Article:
The court also invoked a principal that could be likened to "no harm, no foul." "In the exercise of his personal and private rights, the accused did not harm others," so his conduct "cannot be the object of any punishment," the opinion stated.
Although the Colombian Constitutional Court ruled that possession of small amounts of drugs for personal use was not a prosecutable offense, the government of President Alvaro Uribe is trying to undo that decision with a constitutional amendment. It has already been approved by the lower house and is now before the Colombian Senate. If the Senate approves the measure, it will mean that the Colombian government is out of step not only with its own judiciary, but increasingly, with the rest of Latin America.
Mexico decriminalized drug possession last month, and a few days later, the Argentine Supreme Court issued a decision decriminalizing marijuana possession on the spot and calling into question the criminalization of possession of any drug for personal use. Brazil, Ecuador, and Uruguay are headed down similar paths.
USA: California - According to a press release of the San Diego County District Attorney's Office police raided 14 "illegal marijuana dispensaries" and six associated residences and 23 people have been arrested.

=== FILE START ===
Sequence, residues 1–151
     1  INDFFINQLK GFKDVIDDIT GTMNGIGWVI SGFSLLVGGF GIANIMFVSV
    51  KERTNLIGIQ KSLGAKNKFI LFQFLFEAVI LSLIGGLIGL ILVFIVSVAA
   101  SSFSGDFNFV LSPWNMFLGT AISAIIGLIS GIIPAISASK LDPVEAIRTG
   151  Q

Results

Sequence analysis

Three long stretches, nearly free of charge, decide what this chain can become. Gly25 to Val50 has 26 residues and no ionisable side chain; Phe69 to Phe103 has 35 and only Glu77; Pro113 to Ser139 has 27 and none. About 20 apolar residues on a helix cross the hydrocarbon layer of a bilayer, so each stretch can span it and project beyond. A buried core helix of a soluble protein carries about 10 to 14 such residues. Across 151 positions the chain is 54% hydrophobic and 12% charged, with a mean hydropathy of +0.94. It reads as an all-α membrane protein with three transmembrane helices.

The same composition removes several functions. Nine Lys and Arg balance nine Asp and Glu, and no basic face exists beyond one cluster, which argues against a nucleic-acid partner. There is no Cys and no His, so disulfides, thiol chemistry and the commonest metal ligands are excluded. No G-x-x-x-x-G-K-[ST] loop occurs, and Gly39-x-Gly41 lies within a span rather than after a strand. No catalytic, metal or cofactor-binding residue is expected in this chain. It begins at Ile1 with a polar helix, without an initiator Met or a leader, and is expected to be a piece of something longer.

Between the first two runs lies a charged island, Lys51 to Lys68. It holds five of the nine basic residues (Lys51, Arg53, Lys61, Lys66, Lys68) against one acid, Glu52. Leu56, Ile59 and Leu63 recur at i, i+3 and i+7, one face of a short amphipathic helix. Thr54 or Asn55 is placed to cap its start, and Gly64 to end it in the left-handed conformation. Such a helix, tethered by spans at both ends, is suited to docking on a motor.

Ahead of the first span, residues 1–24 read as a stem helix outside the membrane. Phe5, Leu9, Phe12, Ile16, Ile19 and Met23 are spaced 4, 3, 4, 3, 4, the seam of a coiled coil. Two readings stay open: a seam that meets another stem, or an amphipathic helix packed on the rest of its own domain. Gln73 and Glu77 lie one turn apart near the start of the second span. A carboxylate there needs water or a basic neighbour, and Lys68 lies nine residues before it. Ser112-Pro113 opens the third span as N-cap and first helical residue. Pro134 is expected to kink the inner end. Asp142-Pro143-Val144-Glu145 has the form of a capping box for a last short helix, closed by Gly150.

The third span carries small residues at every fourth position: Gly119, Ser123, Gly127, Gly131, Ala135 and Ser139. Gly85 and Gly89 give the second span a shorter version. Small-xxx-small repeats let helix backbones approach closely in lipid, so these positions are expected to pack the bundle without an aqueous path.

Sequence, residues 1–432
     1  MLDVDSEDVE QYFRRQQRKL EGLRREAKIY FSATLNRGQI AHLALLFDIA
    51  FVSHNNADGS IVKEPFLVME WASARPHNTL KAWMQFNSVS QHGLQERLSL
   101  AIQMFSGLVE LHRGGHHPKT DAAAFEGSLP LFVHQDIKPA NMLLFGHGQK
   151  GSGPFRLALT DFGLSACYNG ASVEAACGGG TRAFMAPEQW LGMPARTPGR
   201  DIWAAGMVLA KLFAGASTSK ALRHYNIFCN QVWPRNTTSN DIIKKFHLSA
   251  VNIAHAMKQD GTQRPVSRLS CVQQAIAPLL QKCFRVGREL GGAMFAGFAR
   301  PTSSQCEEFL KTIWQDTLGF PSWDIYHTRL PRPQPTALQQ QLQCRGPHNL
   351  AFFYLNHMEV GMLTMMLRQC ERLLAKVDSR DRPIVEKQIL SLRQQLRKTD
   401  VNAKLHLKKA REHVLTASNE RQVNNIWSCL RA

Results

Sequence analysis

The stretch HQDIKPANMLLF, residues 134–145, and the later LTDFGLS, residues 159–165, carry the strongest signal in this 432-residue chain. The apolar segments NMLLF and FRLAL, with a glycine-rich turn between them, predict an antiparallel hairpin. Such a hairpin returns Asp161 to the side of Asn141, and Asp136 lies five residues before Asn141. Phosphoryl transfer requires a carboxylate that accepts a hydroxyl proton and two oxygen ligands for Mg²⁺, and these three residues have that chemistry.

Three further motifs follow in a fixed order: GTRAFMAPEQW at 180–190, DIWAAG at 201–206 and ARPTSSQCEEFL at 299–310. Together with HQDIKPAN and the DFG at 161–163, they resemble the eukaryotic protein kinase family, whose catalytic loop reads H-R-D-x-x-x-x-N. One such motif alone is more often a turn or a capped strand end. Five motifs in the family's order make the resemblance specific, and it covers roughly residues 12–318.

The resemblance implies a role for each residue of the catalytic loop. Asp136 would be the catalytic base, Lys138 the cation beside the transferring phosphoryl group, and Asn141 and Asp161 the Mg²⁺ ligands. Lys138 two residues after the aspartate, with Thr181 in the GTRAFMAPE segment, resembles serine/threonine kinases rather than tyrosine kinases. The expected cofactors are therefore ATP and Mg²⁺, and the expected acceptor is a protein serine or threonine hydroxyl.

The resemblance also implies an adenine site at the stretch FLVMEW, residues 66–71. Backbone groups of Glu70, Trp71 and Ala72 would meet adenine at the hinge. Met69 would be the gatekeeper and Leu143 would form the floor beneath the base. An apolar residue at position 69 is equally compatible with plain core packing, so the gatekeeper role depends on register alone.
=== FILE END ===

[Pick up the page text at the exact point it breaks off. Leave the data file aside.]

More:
The press release calls the dispensaries "nothing more than for-profit storefront drug dealing operations run by drug dealers hiding behind the state's medical marijuana law." The Marijuana Policy Project stated that the press release "attempts to justify the actions using an extremely narrow interpretation of state law."
Science: Detection of cannabis use -According to researchers from New York it may not always work to differentiate the use of isolated THC (dronabinol) and cannabis by looking for delta-9-tetrahydrocannabivarin (THCV).
The detection of THCV in urine has been suggested to allow for discrimination between isolated THC use as medicine and illegal cannabis use. In a study with 117 cannabis users all produced a positive urine test for THC-COOH, a metabolite of THC, but 50 per cent had an undetectable level of THCV-COOH, a metabolite of THCV in urine.
Science: Pain after injury -According to research at the University of Munich, Germany, patients with complex regional pain syndrome after traumatic injury have significantly higher blood concentrations of the endocannabinoid anandamide than healthy subjects.
They concluded that the peripheral endocannabinoid system is activated in complex regional pain syndrome.
Science: Cannabis dependence -Scientists at the University of South Carolina in Charleston, USA, investigated the efficacy of buspirone (maximum 60 mg daily) in a placebo controlled 12-week trial with fifty cannabis dependent people.
Participants receiving busprione reported not using cannabis in 45.2 per cent of days and participants receiving placebo reported not using it in 51.4 per cent of days.